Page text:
Slater to Crack Down on Fentanyl Epidemic: Holding Dealers Accountable for Overdose Deaths

Americans and New Yorkers are drastically being affected by the opioid and fentanyl epidemic. At the core of this crisis is a shocking rise in opioid-related deaths as data has shown 16 New Yorkers die every day of an overdose; that’s one person every three hours.

“Fentanyl is playing a key role in the staggering number of deaths we see in our communities and there needs to be a law put in place that holds those pedaling the poison accountable,” said Assemblyman Slater.

Where the law currently stands in New York, it is nearly impossible for local prosecutors to hold dealers accountable for the deaths they are causing. At the federal-level, dealers can be charged for this crime, but oftentimes federal prosecutors opt out of going after lower-level dealers; this essentially cripples our local officials and justice system. However, Assemblyman Slater’s bill would allow local officials the same ability as federal level prosecutors to charge dealers for the death of an individual as a Class A felony. (A.7985).

“I am proud to actually sit down and work side by side with law enforcement to tackle this significant issue. Here in Putnam County, we have strung an entire team together between county and state government including Rep. Mike Lawler to ensure we are proposing the correct laws and solutions to save lives,” Slater adds.

As these statistics are staggering, New York State Assemblyman Matt Slater has been working alongside Putnam County DA, Robert Tendy, Putnam County ADA Breanne Smith and Putnam County Sheriff Kevin McConville, to propose significant legislation that will crack down on the use and dealership of fentanyl in the Hudson Valley region.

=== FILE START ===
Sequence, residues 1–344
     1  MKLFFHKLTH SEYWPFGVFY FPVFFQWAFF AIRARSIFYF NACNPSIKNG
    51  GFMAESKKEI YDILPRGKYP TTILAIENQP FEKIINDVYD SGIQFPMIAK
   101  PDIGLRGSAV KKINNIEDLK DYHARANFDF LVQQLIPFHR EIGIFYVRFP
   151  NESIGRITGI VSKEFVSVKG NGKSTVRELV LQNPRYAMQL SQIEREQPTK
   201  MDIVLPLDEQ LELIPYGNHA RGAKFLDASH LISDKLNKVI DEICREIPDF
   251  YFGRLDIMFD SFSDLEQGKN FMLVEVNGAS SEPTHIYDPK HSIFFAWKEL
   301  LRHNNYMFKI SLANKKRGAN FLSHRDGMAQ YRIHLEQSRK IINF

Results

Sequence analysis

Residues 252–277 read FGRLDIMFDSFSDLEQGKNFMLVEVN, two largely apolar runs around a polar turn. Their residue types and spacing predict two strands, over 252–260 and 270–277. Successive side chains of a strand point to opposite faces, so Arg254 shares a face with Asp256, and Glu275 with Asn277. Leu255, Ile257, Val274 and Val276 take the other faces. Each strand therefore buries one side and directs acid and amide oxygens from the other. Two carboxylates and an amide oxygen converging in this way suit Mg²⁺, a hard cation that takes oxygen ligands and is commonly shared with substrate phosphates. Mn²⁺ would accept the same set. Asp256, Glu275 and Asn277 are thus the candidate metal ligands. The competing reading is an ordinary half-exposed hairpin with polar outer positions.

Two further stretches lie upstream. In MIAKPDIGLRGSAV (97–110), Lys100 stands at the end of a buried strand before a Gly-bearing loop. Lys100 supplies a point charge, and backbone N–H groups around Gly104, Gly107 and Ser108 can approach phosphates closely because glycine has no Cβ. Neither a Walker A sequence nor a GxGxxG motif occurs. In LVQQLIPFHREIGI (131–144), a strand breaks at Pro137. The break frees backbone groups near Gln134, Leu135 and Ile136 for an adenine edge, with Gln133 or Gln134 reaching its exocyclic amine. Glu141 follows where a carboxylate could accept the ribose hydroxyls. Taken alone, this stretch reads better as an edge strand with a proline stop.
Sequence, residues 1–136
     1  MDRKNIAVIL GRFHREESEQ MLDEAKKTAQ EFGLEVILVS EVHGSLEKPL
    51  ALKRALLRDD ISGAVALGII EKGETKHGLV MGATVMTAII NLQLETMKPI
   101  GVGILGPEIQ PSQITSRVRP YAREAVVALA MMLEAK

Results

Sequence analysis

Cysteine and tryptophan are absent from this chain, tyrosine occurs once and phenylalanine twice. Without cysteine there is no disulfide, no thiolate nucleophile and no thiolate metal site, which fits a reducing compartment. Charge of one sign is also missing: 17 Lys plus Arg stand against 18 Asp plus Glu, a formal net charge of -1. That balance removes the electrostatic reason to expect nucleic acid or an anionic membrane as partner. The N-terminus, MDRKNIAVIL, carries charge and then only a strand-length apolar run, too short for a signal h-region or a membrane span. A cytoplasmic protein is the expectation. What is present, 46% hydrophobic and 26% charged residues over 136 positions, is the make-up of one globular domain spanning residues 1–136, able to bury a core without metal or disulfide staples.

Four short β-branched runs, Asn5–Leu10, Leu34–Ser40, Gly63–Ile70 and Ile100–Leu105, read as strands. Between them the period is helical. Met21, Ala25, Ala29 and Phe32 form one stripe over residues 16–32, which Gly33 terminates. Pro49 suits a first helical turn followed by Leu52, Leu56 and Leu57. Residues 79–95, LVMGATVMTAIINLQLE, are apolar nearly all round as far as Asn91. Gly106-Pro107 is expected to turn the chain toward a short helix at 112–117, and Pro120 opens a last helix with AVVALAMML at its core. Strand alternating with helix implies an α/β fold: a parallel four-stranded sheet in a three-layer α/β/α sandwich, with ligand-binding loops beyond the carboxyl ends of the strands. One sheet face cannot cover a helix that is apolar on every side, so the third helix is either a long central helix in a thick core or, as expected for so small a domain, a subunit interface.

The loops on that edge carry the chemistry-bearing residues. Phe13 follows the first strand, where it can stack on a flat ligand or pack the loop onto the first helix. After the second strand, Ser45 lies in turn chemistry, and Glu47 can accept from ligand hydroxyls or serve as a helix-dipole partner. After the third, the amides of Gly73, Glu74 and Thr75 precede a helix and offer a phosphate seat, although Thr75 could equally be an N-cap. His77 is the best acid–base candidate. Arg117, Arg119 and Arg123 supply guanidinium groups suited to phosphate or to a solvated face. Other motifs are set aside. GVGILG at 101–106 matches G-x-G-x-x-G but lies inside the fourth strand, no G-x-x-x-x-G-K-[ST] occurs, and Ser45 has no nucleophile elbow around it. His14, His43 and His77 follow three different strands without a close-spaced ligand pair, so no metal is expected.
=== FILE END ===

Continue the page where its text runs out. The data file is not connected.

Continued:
“In 2021 Fentanyl killed over 70,000 people in America and nothing is being done about it. It is a tragedy of unbelievable proportions and why I am in full support of Assemblyman Matt Slater's piece of legislation. We have children, parents, and grandparents dying from fentanyl every year and it has to stop,” said Putnam County DA, Robert Tendy.

Putnam County ADA Breanne Smith, who works on these cases adds, “We experience it every day in our office where family members reach out and ask what is being done to find their loved ones' killer but we currently have no legislation that allows us to hold these people responsible for causing those deaths. But Assemblyman Slater’s legislation will give us that opportunity and we’re confident that working with law enforcement we will be able to truly make a difference in the community.”

After working closely together, Putnam County Sheriff Kevin McConville expresses his gratitude for Assemblyman Slater’s efforts, “I want to thank Assemblyman Matt Slater for this proposed legislation as he is one of the first elected officials that has actually sat down with law enforcement and asked us what we need. This proposed legislation is one of those tools that we need to fight the war on drugs. Fentanyl is coming across the border left and right and the effects are devastating so we are proud to partner with Assemblyman Matt Slater on this.”

Slater has been a proud partner with incredible advocates and experts while crafting legislation and trying to come up with the right policy in order to save lives. Drug Crisis In Our Backyard has joined Slater on this mission to balance consequences and compassion towards this epidemic. Sue Salomone, founder of Drug Crisis In Our Backyard, tragically lost her son in 2012 to a heroin overdose thus igniting her and her husband's mission geared towards spreading awareness on addiction and teaming up with elected officials to help save lives.

“I lost my son Justin in 2012 to a heroin overdose and since then it has been my mission to raise awareness on the drug epidemic we are currently facing. Consequences are a key component in ensuring that people are held responsible for their actions and this piece of legislation will allow those selling or using to think twice and either seek treatment or stop selling,” said Sue Salomone.